For most of the year he's been missing Gronk, his left tackle, and now his center. They have no speed on the outside. And his arm may be in decline as well.
Mike Lombardi's take
Yes, quarterback Tom Brady does not look like himself. Yes, he is throwing the lowest yards per attempt (6.6) since the 2002 season, and yes, the offense is struggling to do anything effectively. When a team cannot make plays down the field in the passing game, it becomes harder and harder to score, especially later in the season. Yes, it’s easy to say that they lack explosive players, but the issues run much deeper than that. The lack of big plays and points (88 overall for a 17.6 average) over the last five weeks is not a result of Brady’s age. Their struggles on offense are a result of losing extremely talented players, injuries to critical players, not having adequate replacements, and being too young at certain positions. Plus, their opponents have a better understanding of how to attack the Patriots.
Obviously, the most significant loss, as well as the hardest to replace, is former tight end Rob Gronkowski. Gronk’s presence on the field helped in two areas that are currently slowing down the offense: The first is how they handle blitz pressure and the second is the strong side run game. Gronk was not the same in 2018 as he was during the 2014-16 seasons. He was still a force in the run game, sealing the end of the line and handling defensive linemen, but his speed, quickness, and explosiveness down the field in the passing game were not the same. Yet, even as his overall skills were declining, he was still a matchup nightmare. Whenever a team thought about sending pressure, they still had to rationalize dealing with someone who could cover Gronk one-on-one, and so many coordinators thought twice before sending pressure as a result. Gronk isolated away from the offensive formation, apart from the three-receiver set, alone with a smaller defensive back, or a slow linebacker, and Brady could throw the ball before the blitz. Now, with only Julian Edelman on the field as a significant threat, Brady does not have a security blanket to help offset pressure. And in the NFL, once you cannot handle pressure effectively, more pressure comes.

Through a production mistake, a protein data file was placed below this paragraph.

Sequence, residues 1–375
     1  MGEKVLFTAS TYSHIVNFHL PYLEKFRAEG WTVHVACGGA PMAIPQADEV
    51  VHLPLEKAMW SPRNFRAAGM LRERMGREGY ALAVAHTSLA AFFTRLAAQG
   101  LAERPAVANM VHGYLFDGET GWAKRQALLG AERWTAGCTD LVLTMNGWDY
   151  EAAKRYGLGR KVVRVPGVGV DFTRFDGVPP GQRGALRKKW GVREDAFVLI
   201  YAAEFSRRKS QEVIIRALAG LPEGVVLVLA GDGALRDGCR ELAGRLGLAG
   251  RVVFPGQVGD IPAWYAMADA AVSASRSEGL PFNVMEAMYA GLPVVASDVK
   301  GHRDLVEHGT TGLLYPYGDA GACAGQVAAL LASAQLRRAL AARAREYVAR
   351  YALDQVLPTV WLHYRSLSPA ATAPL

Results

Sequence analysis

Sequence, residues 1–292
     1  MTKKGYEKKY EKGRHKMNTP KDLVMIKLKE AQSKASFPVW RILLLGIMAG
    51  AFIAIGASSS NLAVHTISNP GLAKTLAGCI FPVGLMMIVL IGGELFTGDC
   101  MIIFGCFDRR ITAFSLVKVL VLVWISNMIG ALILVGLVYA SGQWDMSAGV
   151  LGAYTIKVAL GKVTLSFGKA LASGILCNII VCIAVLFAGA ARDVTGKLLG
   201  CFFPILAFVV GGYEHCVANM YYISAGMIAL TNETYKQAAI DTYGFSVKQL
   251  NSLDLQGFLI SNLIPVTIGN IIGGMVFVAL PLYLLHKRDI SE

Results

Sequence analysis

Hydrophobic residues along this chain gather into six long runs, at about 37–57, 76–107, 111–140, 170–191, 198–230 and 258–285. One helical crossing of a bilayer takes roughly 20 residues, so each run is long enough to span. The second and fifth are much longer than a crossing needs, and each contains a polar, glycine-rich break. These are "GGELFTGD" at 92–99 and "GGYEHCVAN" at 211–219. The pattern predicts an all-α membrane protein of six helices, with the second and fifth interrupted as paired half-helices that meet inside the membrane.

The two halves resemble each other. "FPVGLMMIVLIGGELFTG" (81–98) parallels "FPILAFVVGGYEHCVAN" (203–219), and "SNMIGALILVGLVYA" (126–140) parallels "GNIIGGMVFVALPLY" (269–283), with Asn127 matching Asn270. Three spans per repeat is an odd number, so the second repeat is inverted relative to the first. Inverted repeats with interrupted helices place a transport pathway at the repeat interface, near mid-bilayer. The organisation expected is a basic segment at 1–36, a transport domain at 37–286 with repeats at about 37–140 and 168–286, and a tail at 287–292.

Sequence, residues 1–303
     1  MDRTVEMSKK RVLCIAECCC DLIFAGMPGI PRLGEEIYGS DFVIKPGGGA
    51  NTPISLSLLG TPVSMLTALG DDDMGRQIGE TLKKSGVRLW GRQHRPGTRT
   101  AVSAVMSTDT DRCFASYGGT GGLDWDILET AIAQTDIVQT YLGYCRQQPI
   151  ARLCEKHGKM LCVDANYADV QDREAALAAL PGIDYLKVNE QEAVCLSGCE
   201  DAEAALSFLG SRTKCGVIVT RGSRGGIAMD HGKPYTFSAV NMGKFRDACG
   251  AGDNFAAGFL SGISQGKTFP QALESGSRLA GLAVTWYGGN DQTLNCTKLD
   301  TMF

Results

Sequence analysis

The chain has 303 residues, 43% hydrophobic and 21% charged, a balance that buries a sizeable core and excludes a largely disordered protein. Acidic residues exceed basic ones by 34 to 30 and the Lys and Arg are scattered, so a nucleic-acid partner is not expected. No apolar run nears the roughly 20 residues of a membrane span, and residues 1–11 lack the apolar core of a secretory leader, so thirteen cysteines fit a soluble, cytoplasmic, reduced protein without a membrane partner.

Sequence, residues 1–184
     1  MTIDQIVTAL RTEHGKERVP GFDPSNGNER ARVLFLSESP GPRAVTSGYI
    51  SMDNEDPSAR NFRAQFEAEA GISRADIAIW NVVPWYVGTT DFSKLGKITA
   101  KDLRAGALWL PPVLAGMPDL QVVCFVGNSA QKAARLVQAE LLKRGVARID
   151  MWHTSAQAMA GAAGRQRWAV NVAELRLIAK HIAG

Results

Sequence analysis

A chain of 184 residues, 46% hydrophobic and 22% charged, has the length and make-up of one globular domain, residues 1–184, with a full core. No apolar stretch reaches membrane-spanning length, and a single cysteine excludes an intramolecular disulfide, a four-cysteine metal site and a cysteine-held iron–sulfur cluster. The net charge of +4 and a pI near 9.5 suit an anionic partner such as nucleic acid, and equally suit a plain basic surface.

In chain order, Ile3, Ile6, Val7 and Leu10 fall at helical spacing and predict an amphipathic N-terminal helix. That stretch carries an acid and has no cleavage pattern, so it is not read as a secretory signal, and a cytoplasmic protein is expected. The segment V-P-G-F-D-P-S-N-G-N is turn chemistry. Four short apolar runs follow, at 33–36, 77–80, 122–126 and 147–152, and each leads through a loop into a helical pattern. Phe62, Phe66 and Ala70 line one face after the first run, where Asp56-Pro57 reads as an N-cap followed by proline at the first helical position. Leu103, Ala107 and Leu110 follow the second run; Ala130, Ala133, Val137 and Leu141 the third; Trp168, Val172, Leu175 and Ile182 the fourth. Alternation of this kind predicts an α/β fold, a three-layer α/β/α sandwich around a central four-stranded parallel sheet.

Brady’s inability to handle pressure is similar to what occurs in the NBA when a low post player gets doubled as soon as the ball enters the post. The post player recognizes the double, then fires the ball to the open player standing near the three-point line. When that player is a reliable, consistent shooter, the doubles become less and less common. They still occur, just with less frequency. When that player is not a great shooter, or able to knock down the three, then teams double harder, more quickly and more often. Brady sees more blitzes than ever before because the offense lacks the players to make teams suffer when blitzing. Once a team proves they cannot handle something, they should expect more of that something to come their way.
The run game, which last year was the strength of the Patriots, has become a weakness. Without Gronk, there is no tight end on the roster who can control the end of the line, or who can get movement off the ball against bigger defensive ends. The edge never gets sealed, which means the back never has a clear path to the strong side. Losing fullback James Develin also hinders the run game, in part because the Pats’ best runner, Sony Michel, is a “point of entry” back. That means he needs a lead blocker to clear out the hole and get him into the point of entry without having to shuffle or stutter.
And while losing Gronk hurts, losing David Andrews, their starting center, is a killer. Andrews was the rock of the line; he made everyone around him better. His replacement, Ted Karras, was injured during the loss to the Texans, and journeyman James Ferentz started against the Chiefs. Ferentz is too small to handle big tackles. On Sunday, the Chiefs put their best lineman, Chris Jones over him, and all hell broke loose on Brady. No wonder Jones was so confident during the game when he was trash-talking Brady.